Having a good grip of what your conversion rates are is key to running your product business and there is a clear and straightforward way of projecting this and especially so for your online shop sales.
1. The conversion rate formula
The conversion rate of a website is measured by taking the number of sales and dividing it by the number of visitors. Therefore, if 100 people visit your website, and 3 people buy, then your conversion rate is 3% (3 divided by 100). Conversion rate is an important metric to track as it helps understand how well the website is doing the job of converting visitors into buyers.
2. The conversion reality
When I ran my The Resilient Retail Product Business Survey with 300 small businesses the biggest primary sales channel for 44% of people was their own website, with Etsy as the next most common primary channel. It was really positive to see how many businesses are selling through their own website as their primary source of revenue. I then asked out about their conversion rates of website sales.
Nearly a third of the respondents did not know their conversion rate, but of those that did, around half had conversion rates of under 2%, and about half were over 2%. 14.9% of all respondents had a conversion rate of over 4%, a great goal for small businesses to aim for. A website that converts well is a huge asset.
One of the most commonly mentioned statistics in relation to e commerce is that 2% is the typical conversion rate for online sellers. It was interesting to see from the respondents to the survey that a lot of them were broadly in line with this statistic.
3. Average Order Value
The average order value, or basket size, is another important metric for businesses to track. It is the measure of how much each customer spends when they come to your website. For example, if you generated £500 of sales across 10 transactions, your average order value would be £50 (£500 divided by 10).
Tracking the average order value over time can help you see the impact of any work you are doing in your business to improve this number (for example, offering additional complementary products as suggestions).
My survey results showed that over one third of businesses had an average order value of under £25, and nearly a third were in the £25-40 bracket. Only 4% of businesses were over £150 as an average order value.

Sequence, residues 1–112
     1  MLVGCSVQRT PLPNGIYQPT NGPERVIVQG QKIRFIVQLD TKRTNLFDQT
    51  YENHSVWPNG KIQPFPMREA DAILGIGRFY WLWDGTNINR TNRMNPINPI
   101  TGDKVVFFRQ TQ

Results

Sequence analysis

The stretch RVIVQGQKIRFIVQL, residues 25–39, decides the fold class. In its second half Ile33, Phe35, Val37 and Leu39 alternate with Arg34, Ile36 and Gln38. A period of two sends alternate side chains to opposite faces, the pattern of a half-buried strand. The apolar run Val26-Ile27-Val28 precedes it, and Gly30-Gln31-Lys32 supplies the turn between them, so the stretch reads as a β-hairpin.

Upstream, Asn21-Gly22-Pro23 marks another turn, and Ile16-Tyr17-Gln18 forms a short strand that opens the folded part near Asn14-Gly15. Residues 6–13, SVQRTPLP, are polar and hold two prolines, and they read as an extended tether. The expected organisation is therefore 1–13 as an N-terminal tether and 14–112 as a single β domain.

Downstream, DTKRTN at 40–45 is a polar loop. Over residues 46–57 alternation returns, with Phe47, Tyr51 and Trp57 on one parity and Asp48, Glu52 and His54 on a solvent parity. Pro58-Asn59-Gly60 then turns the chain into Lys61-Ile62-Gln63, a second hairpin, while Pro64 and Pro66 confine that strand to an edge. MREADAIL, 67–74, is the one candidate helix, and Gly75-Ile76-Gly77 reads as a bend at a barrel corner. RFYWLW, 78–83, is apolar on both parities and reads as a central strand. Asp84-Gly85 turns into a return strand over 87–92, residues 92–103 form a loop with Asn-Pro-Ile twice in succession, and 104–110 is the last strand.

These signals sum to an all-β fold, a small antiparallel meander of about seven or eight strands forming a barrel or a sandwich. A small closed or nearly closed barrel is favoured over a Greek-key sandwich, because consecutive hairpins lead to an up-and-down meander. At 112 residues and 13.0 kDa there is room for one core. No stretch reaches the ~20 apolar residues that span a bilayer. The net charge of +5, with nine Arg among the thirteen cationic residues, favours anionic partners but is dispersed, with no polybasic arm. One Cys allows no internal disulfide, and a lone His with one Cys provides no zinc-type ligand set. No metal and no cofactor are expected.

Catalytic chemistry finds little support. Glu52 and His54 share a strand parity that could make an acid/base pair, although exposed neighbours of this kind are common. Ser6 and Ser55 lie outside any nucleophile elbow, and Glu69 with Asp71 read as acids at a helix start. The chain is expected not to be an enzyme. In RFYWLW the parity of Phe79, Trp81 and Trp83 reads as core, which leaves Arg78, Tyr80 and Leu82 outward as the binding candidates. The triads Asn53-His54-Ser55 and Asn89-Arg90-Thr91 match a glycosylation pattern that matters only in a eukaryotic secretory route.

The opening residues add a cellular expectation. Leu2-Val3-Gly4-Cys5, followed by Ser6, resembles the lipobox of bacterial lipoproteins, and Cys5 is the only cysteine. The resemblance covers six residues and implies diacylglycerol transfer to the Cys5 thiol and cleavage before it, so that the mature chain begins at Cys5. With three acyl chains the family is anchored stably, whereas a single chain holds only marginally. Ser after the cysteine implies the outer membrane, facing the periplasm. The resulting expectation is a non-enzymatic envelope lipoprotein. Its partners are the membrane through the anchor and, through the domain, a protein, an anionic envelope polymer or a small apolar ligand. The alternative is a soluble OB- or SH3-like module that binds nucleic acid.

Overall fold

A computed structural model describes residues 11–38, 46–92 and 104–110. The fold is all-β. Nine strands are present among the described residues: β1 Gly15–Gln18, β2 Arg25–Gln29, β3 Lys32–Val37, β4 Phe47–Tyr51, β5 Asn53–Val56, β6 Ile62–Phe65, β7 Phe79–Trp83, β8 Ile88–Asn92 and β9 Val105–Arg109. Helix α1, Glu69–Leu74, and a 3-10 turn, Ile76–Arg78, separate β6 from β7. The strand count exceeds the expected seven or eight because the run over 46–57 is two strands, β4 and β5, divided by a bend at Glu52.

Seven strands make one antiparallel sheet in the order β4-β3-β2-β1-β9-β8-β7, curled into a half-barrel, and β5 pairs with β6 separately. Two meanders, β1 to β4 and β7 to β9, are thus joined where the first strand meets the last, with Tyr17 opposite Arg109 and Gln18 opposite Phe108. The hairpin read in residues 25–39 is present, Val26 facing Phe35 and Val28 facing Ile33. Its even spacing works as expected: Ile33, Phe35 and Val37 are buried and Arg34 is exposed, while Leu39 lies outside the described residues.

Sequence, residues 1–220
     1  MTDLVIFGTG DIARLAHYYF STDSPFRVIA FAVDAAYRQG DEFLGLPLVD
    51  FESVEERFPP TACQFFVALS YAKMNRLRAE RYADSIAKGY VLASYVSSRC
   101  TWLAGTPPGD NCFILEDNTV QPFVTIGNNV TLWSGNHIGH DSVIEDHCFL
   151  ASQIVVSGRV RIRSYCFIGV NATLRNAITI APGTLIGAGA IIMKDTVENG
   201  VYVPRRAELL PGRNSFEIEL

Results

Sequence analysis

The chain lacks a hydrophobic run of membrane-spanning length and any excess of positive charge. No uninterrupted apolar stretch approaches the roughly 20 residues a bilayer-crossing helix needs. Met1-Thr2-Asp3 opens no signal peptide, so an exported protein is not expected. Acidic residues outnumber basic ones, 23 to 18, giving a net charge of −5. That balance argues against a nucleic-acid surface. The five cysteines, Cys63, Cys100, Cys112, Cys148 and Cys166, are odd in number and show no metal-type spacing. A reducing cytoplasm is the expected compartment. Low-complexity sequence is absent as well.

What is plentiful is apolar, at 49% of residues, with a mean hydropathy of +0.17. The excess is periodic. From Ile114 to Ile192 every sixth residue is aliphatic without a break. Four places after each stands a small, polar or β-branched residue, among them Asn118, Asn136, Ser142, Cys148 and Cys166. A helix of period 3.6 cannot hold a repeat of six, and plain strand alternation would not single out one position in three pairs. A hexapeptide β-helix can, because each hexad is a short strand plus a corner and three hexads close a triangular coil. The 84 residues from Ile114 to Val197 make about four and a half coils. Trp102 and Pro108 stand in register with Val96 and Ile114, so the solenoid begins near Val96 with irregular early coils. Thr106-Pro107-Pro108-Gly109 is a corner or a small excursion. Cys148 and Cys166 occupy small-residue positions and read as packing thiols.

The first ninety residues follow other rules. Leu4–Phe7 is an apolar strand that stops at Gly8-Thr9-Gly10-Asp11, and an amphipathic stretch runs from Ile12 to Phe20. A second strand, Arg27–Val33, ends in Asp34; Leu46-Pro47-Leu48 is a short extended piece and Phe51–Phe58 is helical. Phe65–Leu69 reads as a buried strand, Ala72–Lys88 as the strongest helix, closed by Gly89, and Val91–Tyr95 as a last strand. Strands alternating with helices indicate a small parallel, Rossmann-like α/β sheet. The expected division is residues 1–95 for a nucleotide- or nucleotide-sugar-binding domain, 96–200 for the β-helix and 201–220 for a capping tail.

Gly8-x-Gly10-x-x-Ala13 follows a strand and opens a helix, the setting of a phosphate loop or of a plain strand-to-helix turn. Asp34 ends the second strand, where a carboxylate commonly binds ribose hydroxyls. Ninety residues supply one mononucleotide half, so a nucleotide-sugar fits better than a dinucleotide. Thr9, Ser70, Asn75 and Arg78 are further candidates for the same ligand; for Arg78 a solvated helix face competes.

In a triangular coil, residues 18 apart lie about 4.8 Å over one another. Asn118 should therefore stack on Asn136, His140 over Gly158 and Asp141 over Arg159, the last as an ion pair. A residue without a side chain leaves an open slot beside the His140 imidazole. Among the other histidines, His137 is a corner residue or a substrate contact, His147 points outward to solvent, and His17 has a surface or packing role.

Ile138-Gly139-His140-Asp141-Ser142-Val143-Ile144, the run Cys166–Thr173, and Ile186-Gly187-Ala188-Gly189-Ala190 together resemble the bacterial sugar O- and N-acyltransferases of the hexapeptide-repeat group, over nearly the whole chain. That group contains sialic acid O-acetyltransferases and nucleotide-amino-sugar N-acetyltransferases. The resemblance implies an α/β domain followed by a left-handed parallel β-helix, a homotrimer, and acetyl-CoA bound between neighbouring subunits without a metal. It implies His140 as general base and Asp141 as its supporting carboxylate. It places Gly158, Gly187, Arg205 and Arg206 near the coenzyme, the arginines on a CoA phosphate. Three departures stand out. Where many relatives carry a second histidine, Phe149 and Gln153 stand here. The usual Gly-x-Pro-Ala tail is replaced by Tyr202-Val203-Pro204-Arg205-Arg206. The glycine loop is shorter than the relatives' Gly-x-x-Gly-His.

These results were a little lower than I expected, I was expecting more businesses to be in the £40 – 75 bracket, especially as I had previously seen benchmarks for the industry as a whole that were around £70 an order. It’s definitely something for small businesses to consider and monitor as they look to grow sales.
4. Conversion rate by age of business
I wanted to dig into the conversion rates in more detail to see if I could see any specific patterns that would give better insight into how to improve conversion rates. One of the factors that I looked into was whether or not conversion, like overall turnover, was something that improved over time.
When I ran the conversion rate against the age of the business, it was clear that the percentage experiencing the lowest (under 1%) conversion rates dropped over time, from 27% in their first year, to 11% over 5 years old. Equally, the percentage with the highest (over 4%) conversion rates grew with the age of the business.
It’s hard to tell why exactly this would be the case, but it seems likely that conversion rates improve over time due to more returning customers, and the business becomes more well known by the people visiting. It’s also a good reminder that conversion rates are something to monitor – the most successful businesses are those that continually experiment improving conversion.
5. Conversion rate by Average Order Value
The other theory that I wanted to test regarding conversion rates was how they related to the average order value of a business. Anecdotally, I’ve often observed that businesses selling high priced products tend to have lower conversion rates.
Average order value is not a perfect indicator of the price of products, as if you sell multiple lower priced products then you will have a higher average order value, but I thought it would be useful to see if businesses who had a higher average spend also had lower conversion rates.
The data was interesting, although not entirely conclusive. Businesses with less than a £10 average order value had the highest % of high (> 4%) conversion rates, and the businesses with the highest average order value of over £150 had the highest % of the lowest conversion rates (< 1%). Equally though, each average order bracket had a mix of businesses with varying conversion rates.
If you enjoyed this blog post take a look at my Forbes article ‘4 Minutes Or Less – What Do Customers Expect During Online Check-Out?‘.